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China, Pakistan Agree to Conduct Bilateral Trade in Yuan


FILE - A China yuan note is seen in this illustration, May 31, 2017.

China has agreed to carry out bilateral trade with Pakistan in the Chinese yuan instead of the U.S. dollar to help ease the South Asian ally's financial and economic woes.

The unprecedented Chinese concession, officials and economists said, would go a long way in addressing Islamabad’s massive 87-percent trade deficit with Beijing and reducing pressure on Pakistan's depleting foreign currency reserves.

"The agreement is part of practical steps being taken [by China] to support our [foreign] currency [reserves],” said Pakistani Information Minister Fawad Chaudhry.

He told reporters in Islamabad the “historic” deal was concluded along with more than a dozen others during Pakistani Prime Minister Imran Khan’s four-day official visit to Beijing, which ended Monday.

Pakistani Prime Minister Imran Khan, left, and China's Premier Li Keqiang attend a signing ceremony at the Great Hall of the People in Beijing, Nov. 3, 2018.
Pakistani Prime Minister Imran Khan, left, and China's Premier Li Keqiang attend a signing ceremony at the Great Hall of the People in Beijing, Nov. 3, 2018.

The annual trade volume between the two countries is about $15 billion, of which Chinese exports to Pakistan are estimated at around $13 billion.

Pakistan’s foreign exchange reserves have lately fallen to less than $8 billion and the country urgently needs about $12 billion to service foreign debts and pay for imports.

The central State Bank of Pakistan has already declared Yuan as an approved foreign exchange for all purposes in the country.

Information Minister Chaudhry said the Chinese government separately has also offered an economic package to Pakistan, and its details will be announced Tuesday when Khan's delegation returns home.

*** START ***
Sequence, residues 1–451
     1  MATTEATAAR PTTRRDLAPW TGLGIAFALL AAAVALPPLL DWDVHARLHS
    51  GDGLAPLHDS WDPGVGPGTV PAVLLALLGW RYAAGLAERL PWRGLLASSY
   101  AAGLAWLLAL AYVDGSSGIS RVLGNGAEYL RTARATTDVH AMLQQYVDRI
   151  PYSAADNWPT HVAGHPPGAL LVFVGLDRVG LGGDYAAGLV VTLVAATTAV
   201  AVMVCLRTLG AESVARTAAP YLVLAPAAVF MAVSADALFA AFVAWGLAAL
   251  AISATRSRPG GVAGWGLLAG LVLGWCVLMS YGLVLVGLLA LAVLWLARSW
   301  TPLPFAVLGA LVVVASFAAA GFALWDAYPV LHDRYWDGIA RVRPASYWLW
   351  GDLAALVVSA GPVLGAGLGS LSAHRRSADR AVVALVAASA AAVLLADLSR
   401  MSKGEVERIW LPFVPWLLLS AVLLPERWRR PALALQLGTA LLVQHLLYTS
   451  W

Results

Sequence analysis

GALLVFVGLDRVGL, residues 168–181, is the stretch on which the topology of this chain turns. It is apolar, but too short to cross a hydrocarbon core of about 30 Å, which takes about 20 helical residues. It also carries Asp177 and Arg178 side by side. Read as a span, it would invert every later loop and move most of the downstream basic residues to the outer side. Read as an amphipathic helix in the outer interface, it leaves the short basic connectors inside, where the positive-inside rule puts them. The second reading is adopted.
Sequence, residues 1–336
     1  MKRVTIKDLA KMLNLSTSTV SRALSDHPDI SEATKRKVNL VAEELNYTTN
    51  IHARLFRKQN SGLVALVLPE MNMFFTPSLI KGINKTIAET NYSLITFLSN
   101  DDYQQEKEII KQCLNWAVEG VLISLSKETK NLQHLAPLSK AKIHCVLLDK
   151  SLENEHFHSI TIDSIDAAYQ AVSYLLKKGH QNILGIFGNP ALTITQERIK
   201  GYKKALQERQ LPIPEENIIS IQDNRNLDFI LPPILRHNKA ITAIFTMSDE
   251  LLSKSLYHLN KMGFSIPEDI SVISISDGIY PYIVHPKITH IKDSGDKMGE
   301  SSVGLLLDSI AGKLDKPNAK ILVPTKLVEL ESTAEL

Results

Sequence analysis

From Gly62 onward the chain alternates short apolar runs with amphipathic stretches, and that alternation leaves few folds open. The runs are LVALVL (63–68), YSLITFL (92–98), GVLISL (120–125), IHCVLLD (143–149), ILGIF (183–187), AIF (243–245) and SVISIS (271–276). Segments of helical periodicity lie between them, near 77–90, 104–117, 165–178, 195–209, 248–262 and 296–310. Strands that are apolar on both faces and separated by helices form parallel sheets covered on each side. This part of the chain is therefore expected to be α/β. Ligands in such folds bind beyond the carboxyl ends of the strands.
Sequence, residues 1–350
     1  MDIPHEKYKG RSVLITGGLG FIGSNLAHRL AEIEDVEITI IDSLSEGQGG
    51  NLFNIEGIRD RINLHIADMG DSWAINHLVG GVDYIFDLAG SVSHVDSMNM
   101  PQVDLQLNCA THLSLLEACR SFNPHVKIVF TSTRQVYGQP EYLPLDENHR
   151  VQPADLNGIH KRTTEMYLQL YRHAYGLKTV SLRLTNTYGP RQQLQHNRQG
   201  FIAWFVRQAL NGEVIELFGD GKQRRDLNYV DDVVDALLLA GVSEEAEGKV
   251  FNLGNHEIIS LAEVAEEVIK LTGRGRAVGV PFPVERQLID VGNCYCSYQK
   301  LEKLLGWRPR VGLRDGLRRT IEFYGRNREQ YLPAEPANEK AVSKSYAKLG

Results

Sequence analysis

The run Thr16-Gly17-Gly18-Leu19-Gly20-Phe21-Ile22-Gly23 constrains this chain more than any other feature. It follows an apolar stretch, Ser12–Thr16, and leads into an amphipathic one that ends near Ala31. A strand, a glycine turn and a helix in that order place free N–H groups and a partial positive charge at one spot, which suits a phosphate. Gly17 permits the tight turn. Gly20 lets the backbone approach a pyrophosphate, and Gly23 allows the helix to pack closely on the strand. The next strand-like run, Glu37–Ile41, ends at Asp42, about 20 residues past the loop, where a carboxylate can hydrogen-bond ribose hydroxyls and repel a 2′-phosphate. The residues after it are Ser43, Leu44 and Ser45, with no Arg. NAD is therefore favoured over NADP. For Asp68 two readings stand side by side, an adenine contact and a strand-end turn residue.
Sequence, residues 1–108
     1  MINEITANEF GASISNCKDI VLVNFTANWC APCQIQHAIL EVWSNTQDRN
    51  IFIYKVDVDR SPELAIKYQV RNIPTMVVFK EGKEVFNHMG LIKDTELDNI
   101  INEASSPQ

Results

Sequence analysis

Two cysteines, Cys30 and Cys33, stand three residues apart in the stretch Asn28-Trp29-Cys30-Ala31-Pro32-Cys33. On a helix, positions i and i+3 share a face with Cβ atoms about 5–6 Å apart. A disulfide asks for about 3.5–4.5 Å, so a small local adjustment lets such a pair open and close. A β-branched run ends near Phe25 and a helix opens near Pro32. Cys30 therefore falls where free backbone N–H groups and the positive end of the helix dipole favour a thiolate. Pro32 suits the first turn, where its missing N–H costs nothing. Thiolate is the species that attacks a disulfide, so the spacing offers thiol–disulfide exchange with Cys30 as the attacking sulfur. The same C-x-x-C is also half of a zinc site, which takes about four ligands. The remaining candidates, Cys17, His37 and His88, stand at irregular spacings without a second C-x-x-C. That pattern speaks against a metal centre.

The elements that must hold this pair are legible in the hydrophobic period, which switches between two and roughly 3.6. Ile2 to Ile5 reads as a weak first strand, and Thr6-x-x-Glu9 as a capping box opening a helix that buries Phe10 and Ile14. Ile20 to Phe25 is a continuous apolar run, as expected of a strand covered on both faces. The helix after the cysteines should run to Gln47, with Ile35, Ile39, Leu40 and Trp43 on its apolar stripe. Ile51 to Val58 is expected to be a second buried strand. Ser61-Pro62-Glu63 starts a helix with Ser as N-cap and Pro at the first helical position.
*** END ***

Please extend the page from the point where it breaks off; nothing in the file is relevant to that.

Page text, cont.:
Reports said the proposed package includes $3 billion in Chinese grants and loans, while another $3 billion will be given for investment under the China-Pakistan Economic Corridor (CPEC) infrastructure building project, a centerpiece of Beijing’s global Belt and Road Initiative (BRI).

FILE - A Pakistani motorcyclist drives on a newly built Pakistan China Silk Road in Haripur, Pakistan, Dec. 22, 2017.
FILE - A Pakistani motorcyclist drives on a newly built Pakistan China Silk Road in Haripur, Pakistan, Dec. 22, 2017.

The Chinese financial relief is being negotiated amid U.S.-led criticism and skepticism that unfair loans under CPEC are contributing to Pakistan’s balance of payments crisis.

China and Pakistan reject the criticism as baseless and part of propaganda against both CPEC andBRI.

Khan’s nascent government last month secured a financial package of more than $6 billion from Pakistan’s staunch ally Saudi Arabia. Under the deal, Saudis will lend $3 billion and would allow Islamabad to import oil worth more than $3 billion on deferred payments over the next three years.

Officials say the United Arab Emirates is also considering economic relief to Pakistan similar to what Saudi Arabia has pledged.

Prime Minister Khan has said the funds being secured from the three friendly countries will enable Pakistan not to seek a major bailout package from the International Monetary Fund (IMF) to meet the country’s immediately liabilities.

An IMF team is due to arrive in Islamabad later this week to open formal talks with the Pakistani government on the subject.

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